KB: In trying to answer this question, I often end up telling my life story, which is not all that interesting, so I’ll try to be brief. I’ve always had a thing for words—how they sound and how they work together. I wrote weird little stories when I was a kid, and then, in high school, I tried journalism and completely burned out. I remember lots of tight deadlines and not liking what I was writing about or how I was writing. I felt like a hack. Then in college, I had the opportunity to take creative writing classes, and while I was finding it difficult to write my academic papers, writing stories came more easily for me. I was in a workshop almost every semester, and I knew I’d found what I wanted to do. The hard part was, and still is, sticking with it, and putting in the hours it takes to write and get better and just keep writing.
I don’t think writing is even a choice anymore. I write because when a story or a chapter comes together, I feel like I’ve suddenly arrived at a new place, a place where I didn’t even know I was going. I surprise myself. I communicate something that I don’t think I would be able to in any other way.
And, in my own life, I’m the kind of person who has trouble really enjoying and being in a given moment. Writing slows me down and forces me to be there, to fully experience every little thing. Of course, I also write with the hope that I’ll be able to create something that resonates with others and is helpful in some way.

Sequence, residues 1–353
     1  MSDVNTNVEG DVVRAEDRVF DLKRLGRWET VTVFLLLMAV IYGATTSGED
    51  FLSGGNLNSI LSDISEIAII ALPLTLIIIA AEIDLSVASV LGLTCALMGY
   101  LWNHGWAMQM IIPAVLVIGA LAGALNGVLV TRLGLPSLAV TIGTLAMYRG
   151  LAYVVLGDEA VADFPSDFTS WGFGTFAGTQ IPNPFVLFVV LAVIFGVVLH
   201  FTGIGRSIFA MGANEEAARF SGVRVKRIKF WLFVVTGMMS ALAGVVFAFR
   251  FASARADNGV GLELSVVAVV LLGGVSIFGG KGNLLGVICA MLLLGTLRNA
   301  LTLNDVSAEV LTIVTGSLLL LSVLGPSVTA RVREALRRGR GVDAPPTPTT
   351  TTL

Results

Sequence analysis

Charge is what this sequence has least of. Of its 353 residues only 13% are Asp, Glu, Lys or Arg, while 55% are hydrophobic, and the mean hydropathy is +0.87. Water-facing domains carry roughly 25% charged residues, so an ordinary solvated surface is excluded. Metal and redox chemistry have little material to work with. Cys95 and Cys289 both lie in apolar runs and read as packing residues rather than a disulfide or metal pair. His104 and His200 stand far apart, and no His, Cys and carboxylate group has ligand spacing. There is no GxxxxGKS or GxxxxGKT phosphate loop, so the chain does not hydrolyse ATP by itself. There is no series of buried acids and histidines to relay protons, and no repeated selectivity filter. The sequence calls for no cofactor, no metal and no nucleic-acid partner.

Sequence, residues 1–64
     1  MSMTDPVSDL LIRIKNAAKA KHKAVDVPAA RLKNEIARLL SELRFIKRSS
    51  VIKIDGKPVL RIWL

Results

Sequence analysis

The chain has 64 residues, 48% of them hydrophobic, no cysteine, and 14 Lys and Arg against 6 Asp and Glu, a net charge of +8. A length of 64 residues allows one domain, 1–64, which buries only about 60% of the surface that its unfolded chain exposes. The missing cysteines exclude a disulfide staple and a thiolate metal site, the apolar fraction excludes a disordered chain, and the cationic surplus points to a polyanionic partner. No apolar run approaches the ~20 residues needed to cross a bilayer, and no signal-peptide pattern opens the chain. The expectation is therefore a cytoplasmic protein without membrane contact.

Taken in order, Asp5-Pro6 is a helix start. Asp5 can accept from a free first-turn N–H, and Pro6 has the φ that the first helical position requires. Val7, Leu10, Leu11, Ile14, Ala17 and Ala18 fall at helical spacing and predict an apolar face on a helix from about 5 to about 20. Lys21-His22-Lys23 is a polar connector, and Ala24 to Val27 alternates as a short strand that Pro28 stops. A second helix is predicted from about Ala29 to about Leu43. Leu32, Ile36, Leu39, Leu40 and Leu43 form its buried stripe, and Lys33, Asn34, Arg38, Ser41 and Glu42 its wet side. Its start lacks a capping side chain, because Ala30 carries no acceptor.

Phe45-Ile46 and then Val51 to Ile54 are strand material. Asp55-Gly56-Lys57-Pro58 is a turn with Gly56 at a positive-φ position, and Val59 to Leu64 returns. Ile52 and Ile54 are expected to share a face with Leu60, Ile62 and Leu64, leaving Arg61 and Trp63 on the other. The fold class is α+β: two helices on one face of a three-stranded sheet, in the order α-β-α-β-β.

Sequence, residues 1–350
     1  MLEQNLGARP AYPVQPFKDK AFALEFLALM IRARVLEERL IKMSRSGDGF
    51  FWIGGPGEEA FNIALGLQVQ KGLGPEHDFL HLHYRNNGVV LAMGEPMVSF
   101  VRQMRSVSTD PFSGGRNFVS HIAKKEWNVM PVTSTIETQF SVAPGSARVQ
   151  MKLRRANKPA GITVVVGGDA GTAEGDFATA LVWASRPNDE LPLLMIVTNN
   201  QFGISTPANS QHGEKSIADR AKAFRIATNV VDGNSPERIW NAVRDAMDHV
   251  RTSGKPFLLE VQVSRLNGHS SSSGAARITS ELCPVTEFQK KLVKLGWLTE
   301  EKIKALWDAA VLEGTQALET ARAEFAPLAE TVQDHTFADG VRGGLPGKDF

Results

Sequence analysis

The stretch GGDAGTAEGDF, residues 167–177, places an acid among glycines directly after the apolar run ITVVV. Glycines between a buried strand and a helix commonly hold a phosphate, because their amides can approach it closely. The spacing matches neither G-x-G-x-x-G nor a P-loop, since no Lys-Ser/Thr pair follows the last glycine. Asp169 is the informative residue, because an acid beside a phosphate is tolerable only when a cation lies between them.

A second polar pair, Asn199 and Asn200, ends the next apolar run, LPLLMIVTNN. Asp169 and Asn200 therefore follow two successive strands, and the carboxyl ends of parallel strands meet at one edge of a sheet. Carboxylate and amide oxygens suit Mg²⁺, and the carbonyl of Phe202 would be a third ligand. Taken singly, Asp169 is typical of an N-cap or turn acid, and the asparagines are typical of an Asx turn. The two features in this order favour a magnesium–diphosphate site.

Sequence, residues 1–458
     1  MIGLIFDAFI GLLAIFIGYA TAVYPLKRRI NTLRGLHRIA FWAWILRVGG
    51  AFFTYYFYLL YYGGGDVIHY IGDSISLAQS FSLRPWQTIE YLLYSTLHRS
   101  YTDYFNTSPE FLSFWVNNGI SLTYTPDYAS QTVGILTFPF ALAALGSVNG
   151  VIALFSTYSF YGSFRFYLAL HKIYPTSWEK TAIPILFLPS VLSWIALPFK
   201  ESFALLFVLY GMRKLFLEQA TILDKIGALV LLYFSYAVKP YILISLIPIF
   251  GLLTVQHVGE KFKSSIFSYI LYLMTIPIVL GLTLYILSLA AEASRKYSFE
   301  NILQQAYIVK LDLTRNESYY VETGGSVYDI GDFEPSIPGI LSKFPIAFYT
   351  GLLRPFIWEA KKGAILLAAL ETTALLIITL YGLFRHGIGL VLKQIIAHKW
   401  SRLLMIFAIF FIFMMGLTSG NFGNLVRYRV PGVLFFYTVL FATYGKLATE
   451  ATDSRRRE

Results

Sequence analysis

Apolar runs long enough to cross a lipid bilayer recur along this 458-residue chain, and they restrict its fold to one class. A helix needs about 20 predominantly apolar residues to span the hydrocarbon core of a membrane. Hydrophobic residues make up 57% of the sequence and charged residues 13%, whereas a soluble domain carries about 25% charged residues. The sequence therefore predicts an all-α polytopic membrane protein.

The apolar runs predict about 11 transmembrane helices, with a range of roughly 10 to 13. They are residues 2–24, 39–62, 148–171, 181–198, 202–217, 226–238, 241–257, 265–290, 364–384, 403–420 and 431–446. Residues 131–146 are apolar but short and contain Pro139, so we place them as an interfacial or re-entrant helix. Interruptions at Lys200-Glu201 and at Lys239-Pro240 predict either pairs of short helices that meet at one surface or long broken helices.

JM: What books have most influenced you?
KB: I’ve read the first hundred pages of James Joyce’s A Portrait of the Artist as a Young Man many, many times. I find Joyce’s writing so immediate and emotionally raw— it’s difficult to see above or around it. He so firmly places you in the character’s shoes that the narration becomes almost claustrophobic, the voice sort of becomes a part of you, something that you hear aloud in your head as you read. I also often go back to Faulkner’s The Sound and the Fury, particularly Benjy’s narration. The rhythm of Benjy’s voice is so powerful, and you can exist in this world where time runs together— there’s no past, present, future. And, I read a lot of contemporary fiction. I know this may seem like a bit of a contrast after just mentioning Faulkner, but I’m a big fan of minimalist writing. I love Amy Hempel, AM Homes, Selah Saterstrom.
MFAW, Vermont 2006
Kiara Brinkman‘s writing has been published in McSweeney’s, One Story, and Failbetter.com. Her novel, Up High in the Trees, was a New York Times Book Review Editors’ Choice and a Chicago Tribune Favorite Book of 2007. Lucy in the Sky, her first comic, will be published by Macmillan in 20121